Free will-2

6. The mind initiates all movements of the body. Here, the mind starts off the brain activity, i.e., TB is later than TM. The brain activity starts AFTER the mind decides to take action because the brain needs to get the signal from the mind. The seat of the mind (hadaya vatthu) lies close to the physical heart, far away from the brain.

  • Now the brain must carry out those two functions of pressing the button and looking at the clock. The vision circuitry is faster. The mechanical movement of the fingers is slower (it involves moving muscles), and thus pushing the button happens a bit later.
Back to Libet’s Experiment

7. Now, let us go back to the first experiment. The only difference here is that the person is not recording the time. He presses the left or right button. So, there are just two events recorded now instead of three events. All we have to do is to remove TE from the above two graphs.

  • It is simpler: His mind decides to push the button. The mind directs the brain to push either the left or right finger, and it takes time for the brain to mobilize the muscles to move the finger. The time sequence is the same as in the same figure. The mind decides (TM), the brain starts working on it (TB), and the sensors attached to his head record that brain activity (wiggly line). Finally, the finger pushes the button (TF).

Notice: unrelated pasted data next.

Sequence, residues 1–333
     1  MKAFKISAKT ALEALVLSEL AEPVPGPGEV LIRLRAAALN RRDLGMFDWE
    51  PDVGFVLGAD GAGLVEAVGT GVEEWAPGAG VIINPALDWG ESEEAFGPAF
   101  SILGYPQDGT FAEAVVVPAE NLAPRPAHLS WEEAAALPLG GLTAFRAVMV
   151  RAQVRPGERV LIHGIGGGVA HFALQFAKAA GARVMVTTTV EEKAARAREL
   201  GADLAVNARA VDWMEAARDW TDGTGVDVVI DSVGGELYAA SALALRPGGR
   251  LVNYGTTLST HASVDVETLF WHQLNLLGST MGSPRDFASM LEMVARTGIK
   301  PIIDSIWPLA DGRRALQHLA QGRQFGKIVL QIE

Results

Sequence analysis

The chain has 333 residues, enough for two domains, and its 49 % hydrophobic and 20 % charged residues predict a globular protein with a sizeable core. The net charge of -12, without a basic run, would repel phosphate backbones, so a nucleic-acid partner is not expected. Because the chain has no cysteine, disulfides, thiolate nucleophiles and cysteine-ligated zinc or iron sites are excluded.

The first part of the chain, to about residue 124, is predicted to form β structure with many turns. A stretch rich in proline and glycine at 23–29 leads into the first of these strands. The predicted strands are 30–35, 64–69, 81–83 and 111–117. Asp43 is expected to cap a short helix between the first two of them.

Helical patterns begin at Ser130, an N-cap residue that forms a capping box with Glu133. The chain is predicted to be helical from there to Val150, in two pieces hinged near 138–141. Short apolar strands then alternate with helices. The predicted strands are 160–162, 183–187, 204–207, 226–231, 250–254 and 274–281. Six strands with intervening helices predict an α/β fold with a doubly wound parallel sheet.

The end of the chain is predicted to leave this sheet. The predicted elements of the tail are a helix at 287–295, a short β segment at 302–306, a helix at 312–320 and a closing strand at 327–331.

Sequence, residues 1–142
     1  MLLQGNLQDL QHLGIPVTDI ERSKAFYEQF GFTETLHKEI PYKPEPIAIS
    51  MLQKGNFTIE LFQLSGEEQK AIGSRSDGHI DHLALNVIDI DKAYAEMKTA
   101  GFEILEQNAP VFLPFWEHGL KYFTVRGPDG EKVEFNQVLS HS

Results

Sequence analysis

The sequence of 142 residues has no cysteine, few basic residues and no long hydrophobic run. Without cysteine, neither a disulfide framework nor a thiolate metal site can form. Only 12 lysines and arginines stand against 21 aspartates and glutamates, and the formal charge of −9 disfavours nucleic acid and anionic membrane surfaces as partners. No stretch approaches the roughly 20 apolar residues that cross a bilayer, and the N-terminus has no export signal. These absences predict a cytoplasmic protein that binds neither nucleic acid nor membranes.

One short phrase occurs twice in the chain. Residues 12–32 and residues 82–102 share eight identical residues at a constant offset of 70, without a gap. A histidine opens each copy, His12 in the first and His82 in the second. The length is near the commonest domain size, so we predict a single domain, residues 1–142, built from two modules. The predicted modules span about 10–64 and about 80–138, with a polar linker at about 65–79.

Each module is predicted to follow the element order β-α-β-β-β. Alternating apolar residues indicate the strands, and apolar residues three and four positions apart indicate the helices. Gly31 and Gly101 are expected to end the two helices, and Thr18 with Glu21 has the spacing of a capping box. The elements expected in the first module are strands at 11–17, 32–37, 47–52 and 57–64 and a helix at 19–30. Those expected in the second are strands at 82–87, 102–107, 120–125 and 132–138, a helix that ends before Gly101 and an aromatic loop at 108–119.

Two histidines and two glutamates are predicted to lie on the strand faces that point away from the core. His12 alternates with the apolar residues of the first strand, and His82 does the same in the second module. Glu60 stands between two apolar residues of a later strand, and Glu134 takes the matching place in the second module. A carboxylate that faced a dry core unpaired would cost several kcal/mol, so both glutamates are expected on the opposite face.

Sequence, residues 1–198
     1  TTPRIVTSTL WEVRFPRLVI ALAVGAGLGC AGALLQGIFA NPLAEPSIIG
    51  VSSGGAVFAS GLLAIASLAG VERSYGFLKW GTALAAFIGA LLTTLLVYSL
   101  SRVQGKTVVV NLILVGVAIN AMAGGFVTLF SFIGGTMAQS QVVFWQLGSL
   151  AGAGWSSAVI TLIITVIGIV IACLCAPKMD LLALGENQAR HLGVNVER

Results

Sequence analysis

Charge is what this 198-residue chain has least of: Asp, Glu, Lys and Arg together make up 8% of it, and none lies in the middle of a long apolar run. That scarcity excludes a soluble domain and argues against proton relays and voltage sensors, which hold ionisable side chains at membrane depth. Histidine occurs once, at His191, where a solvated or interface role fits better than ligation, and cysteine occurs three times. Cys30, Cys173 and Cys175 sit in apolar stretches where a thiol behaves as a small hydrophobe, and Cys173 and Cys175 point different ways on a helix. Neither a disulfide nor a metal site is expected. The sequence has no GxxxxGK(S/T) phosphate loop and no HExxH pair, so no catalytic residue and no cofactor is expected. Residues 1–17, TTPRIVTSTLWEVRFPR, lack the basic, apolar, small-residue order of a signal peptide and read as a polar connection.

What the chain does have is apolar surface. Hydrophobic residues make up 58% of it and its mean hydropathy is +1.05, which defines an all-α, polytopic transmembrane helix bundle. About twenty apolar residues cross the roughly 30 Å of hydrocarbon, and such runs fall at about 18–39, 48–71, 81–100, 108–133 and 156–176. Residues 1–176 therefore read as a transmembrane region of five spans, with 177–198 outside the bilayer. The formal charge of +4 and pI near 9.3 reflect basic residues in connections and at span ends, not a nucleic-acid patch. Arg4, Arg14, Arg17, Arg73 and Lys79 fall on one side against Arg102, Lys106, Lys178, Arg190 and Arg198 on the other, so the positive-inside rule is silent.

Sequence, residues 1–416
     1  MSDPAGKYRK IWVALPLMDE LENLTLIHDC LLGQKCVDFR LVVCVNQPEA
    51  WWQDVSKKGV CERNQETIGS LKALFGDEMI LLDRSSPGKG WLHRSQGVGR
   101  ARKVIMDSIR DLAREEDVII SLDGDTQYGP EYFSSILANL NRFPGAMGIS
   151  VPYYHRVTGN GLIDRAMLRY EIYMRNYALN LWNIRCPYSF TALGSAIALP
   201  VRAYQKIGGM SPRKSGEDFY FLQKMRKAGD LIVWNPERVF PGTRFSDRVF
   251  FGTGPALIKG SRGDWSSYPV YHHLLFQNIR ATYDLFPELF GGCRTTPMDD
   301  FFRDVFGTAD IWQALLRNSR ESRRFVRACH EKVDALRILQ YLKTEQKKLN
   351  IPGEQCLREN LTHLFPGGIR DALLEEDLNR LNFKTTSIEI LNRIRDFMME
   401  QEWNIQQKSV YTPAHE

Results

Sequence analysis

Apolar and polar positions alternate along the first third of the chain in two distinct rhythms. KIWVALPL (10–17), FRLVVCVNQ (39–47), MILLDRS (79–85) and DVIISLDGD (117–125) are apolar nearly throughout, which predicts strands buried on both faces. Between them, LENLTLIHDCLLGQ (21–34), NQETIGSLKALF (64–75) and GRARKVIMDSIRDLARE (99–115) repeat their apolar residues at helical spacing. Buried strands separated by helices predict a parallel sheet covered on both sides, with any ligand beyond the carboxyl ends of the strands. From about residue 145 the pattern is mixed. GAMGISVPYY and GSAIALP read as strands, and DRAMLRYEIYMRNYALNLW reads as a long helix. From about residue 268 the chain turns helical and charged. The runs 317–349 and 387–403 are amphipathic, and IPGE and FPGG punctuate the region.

• As in the other experiment, the mistake is to assume that finger pushing happens SIMULTANEOUS with the mind’s decision. But the mind only gets the brain (the computer) to initiate the complex sequence of events to work the muscles in the arm and hand to move the finger, which is the lag time.
An Analogy

8. The body is like a mechanical instrument, say, a sophisticated tank used to fire at a distant object. The operator is like the mind. He aims the gun barrel using sophisticated computer-controlled circuitry and then fires the gun. He can drive the tank where ever he wants. But things do not, and cannot, happen simultaneously with the operator’s decision. The gun needs to be moved into position before it is fired.